When agents of an organ like the Asset Management Corporation of Nigeria (AMCON) begin to speak in a manner that shows no restraint or act in a way that's unguarded, the rest of us should worry indeed. A statement attributed to the AMCON boss, Ahmed Kuru, while making a presentation before a senate committee recently is a classic example of how anyone wearing his shoes should not speak in the public.
By definition and operation, an interventionist agency should engage itself more with the back-room work. It is a job for the sober, not the brash or the easily excitable hustling for a mention on the front-page of the tabloid.
So, when agents of an organ like the Asset Management Corporation of Nigeria (AMCON) begin to speak in a manner that shows no restraint or act in a way that's unguarded, the rest of us should worry indeed. A statement attributed to the AMCON boss, Ahmed Kuru, while making a presentation before a senate committee recently is a classic example of how anyone wearing his shoes should not speak in the public.
Heaven, he sensationally declared, is about to fall because AMCON is left to bear the crushing yoke of over N5 trillion non-performing loan while the debtors are busy living large and junketing around the world in private jets. If he had his way, Kuru would probably not mind the extreme option of having everyone rounded up and summarily committed to jail if only to cash all the outstanding debts.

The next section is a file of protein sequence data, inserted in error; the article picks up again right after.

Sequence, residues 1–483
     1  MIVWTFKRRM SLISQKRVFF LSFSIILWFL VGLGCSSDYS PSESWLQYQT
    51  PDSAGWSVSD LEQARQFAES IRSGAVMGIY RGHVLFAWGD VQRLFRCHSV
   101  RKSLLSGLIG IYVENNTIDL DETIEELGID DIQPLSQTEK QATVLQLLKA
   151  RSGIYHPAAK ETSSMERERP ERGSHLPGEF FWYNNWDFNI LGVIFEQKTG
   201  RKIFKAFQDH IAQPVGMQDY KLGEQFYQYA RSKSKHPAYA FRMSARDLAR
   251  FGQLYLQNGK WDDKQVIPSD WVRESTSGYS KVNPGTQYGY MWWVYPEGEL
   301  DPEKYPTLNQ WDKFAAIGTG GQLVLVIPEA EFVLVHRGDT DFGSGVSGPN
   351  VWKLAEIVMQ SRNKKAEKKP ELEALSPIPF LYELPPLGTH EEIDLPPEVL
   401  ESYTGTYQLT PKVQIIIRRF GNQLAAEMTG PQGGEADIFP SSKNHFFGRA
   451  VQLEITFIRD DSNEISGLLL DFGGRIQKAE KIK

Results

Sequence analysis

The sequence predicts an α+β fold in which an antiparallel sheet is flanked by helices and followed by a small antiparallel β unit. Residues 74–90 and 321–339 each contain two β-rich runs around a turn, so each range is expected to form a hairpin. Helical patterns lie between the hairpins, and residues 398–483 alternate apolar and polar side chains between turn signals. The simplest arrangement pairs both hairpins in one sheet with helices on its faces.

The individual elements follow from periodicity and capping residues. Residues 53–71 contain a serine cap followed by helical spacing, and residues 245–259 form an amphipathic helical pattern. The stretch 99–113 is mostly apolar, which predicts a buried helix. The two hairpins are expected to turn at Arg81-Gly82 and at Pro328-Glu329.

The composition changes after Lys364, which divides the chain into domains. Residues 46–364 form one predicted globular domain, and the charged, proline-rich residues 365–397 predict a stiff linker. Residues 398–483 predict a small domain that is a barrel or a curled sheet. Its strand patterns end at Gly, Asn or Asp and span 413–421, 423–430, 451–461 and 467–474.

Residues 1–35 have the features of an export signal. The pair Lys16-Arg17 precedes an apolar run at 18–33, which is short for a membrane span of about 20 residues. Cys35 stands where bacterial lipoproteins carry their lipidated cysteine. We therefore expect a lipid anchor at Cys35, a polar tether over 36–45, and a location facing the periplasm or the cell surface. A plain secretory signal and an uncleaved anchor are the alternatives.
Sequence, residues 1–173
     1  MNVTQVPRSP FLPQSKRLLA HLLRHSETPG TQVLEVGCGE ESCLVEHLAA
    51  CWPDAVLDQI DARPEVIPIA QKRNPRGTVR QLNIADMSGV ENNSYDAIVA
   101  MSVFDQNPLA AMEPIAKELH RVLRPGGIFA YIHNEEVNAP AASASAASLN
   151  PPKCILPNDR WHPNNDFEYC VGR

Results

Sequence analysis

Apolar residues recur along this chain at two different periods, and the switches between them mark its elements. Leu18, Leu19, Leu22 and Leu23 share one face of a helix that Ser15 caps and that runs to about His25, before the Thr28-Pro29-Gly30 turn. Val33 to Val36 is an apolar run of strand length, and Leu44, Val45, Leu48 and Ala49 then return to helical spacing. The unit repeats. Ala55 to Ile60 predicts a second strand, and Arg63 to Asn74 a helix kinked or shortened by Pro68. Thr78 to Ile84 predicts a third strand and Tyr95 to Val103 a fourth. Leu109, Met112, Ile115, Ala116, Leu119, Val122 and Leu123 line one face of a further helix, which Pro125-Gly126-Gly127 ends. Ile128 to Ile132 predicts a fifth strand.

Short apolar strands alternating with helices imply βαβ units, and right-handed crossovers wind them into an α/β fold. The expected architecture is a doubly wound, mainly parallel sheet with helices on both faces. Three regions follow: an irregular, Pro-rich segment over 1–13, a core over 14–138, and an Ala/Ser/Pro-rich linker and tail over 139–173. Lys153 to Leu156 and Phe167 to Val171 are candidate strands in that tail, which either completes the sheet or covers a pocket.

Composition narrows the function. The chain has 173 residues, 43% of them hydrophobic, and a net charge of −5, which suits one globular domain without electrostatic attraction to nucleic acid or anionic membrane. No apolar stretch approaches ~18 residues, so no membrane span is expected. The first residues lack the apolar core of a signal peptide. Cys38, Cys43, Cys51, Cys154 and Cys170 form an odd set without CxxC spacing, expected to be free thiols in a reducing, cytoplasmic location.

True, the word profligacy would today be inadequate to describe the lifestyle of some of our business moguls, who seem incapable of separating profit from working capital. But the fact that we have few bag eggs is not enough for AMCON to make such a sweeping generalization that lumps the wolves and the lambs together. It is sad enough if, whenever he finds himself on foreign soil, all President Buhari talks about are stories that injure the pride and deflate the dignity of Nigerians sojourning abroad. It will be going too far if public agencies also take liberty now to criminalize all loan-takers at home.